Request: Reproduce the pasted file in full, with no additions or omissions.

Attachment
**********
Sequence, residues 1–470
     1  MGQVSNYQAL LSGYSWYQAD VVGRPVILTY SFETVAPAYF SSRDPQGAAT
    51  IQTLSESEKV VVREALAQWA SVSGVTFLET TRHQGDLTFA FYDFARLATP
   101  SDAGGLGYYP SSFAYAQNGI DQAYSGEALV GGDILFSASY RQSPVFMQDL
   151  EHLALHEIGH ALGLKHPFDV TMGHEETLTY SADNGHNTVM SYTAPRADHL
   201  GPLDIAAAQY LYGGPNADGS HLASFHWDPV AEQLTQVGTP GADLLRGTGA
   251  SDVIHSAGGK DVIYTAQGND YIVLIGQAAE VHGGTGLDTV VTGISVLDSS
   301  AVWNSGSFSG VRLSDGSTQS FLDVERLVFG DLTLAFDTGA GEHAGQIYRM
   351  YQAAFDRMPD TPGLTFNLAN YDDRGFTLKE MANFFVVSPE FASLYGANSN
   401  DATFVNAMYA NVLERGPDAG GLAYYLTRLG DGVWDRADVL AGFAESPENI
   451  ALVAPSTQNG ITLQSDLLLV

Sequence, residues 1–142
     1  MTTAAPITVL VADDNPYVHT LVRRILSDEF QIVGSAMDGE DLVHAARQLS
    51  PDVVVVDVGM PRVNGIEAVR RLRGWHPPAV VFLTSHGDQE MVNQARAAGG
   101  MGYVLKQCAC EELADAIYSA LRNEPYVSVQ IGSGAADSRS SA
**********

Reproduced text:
Sequence, residues 1–470
     1  MGQVSNYQAL LSGYSWYQAD VVGRPVILTY SFETVAPAYF SSRDPQGAAT
    51  IQTLSESEKV VVREALAQWA SVSGVTFLET TRHQGDLTFA FYDFARLATP
   101  SDAGGLGYYP SSFAYAQNGI DQAYSGEALV GGDILFSASY RQSPVFMQDL
   151  EHLALHEIGH ALGLKHPFDV TMGHEETLTY SADNGHNTVM SYTAPRADHL
   201  GPLDIAAAQY LYGGPNADGS HLASFHWDPV AEQLTQVGTP GADLLRGTGA
   251  SDVIHSAGGK DVIYTAQGND YIVLIGQAAE VHGGTGLDTV VTGISVLDSS
   301  AVWNSGSFSG VRLSDGSTQS FLDVERLVFG DLTLAFDTGA GEHAGQIYRM
   351  YQAAFDRMPD TPGLTFNLAN YDDRGFTLKE MANFFVVSPE FASLYGANSN
   401  DATFVNAMYA NVLERGPDAG GLAYYLTRLG DGVWDRADVL AGFAESPENI
   451  ALVAPSTQNG ITLQSDLLLV

Sequence, residues 1–142
     1  MTTAAPITVL VADDNPYVHT LVRRILSDEF QIVGSAMDGE DLVHAARQLS
    51  PDVVVVDVGM PRVNGIEAVR RLRGWHPPAV VFLTSHGDQE MVNQARAAGG
   101  MGYVLKQCAC EELADAIYSA LRNEPYVSVQ IGSGAADSRS SA